Dr Roisin Mooney is a Project Manager and Researcher working with Professor Kam Bhui in the CHiMES Collaborative in the Department of Psychiatry at the University of Oxford.
Tell us a little about yourself, and what attracted you to studying/working at the University of Oxford?
When I was in secondary school completing my A-Levels, there were around fifteen of my friends who were invited into another room to have a different conversation about university. They were the ones who were encouraged to apply to Oxford or Cambridge University, the best of the best. The following year I went through clearing and was fortunate to get a place to study Psychology at Brunel University.
I later completed my PhD at Hertfordshire University, then gained employment with Professor Kam Bhui at Queen Mary University, working in the area of ethnic inequalities in severe mental illness. When the opportunity to come to Oxford University presented, I was excited to join an incredibly eminent institution at such an early stage of my career. A space that in my teenage years I had never imagined myself worthy of. Although it’s only been a year (during a pandemic) I really enjoy working at Oxford and am continually inspired by the calibre, tenacity and ideas of the people I’m surrounded by.
What is your vision for the team/project/research you study/work with?
I would like for creative methodology to become more established and recognised as a legitimate way of conducting research. I think this provides a unique opportunity for people with lived experience to be empowered as peer researchers.
What is currently at the top of your To-Do List?
Ensure that everything is in place for the Co-Pact project, which looks at using photovoice as a policy research tool to inform experience based co-design workshops in seven localities to contribute towards the reform of the Mental Health Act and reduce ethnic inequalities. We are aiming to hold all our photovoice workshops by the end of the year.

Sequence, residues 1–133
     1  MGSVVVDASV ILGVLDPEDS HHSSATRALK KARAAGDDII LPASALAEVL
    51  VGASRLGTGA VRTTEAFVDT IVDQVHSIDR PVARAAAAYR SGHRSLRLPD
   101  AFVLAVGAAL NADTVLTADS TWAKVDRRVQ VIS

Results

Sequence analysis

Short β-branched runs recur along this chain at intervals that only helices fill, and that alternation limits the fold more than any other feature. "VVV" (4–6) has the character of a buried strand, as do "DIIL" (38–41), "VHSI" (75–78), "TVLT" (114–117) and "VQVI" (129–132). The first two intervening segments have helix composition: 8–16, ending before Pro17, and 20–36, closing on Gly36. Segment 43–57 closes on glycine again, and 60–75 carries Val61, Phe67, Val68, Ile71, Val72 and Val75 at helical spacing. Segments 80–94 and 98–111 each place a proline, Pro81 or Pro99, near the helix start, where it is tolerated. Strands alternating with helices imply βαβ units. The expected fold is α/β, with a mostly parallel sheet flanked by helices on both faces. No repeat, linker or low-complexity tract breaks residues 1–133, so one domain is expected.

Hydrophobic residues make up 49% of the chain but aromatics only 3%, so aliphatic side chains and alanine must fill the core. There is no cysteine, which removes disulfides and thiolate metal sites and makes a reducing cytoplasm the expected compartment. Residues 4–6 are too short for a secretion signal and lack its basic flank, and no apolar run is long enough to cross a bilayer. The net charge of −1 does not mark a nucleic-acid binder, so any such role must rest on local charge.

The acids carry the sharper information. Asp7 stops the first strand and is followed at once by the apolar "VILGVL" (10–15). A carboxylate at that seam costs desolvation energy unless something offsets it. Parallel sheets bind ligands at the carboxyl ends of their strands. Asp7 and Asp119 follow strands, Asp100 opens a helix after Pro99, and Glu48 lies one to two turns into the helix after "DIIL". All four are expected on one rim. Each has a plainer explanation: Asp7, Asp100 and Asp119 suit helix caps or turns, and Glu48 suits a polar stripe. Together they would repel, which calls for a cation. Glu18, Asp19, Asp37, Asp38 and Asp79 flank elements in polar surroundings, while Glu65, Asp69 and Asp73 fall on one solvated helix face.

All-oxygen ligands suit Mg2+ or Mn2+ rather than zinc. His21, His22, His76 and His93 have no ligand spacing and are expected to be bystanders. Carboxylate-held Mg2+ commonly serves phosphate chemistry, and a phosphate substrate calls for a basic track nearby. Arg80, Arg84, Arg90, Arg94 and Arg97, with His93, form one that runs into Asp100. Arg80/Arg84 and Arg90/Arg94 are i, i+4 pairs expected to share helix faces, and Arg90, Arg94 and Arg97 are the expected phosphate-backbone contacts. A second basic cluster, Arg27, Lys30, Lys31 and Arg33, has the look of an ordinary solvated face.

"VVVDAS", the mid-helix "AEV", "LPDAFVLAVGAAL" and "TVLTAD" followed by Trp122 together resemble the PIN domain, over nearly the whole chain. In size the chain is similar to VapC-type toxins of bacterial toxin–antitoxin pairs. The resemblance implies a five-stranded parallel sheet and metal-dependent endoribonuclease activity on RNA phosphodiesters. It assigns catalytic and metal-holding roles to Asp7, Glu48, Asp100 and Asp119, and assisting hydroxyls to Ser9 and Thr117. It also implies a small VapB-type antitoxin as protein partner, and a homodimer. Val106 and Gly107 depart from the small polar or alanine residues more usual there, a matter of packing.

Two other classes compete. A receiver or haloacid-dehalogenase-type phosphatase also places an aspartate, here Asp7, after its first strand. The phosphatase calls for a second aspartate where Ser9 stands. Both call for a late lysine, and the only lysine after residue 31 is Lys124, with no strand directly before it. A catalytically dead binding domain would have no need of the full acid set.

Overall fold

How did you get to where you are today?
I completed a PhD (in developing depression screening tools for South Asian dialysis patients) part-time alongside being employed full-time as a lecturer, clinical trials co-ordinator and research assistant, simultaneously. I felt at a crossroads after my doctoral viva, I didn’t see myself as a lecturer, and couldn’t identify my niche as a researcher. I considered whether my experience may have more potential in a different industry. After much debate, conversations with colleagues helped me to recognise the value of my skill set as a researcher and project manager. I am now incredibly grateful that I stayed in academia, and have found a clearer career path.
Who or what inspires you?
I have been very fortunate to have had some incredible mentors and supervisors academically and personally. There’s a phrase used by the stoics “memento mori” – remember that you are mortal, having experienced the sudden death of loved ones, this inspires me to do the best I can, as you can’t predict what each 24 hours will hold.
If you were not in your study programme/job currently, what would you like to be doing?
I have always had a creative streak, and have also modelled and sold paintings, so I would likely be doing more of those things. I would also like to do more to promote mental and physical wellbeing in an inclusive and accessible way.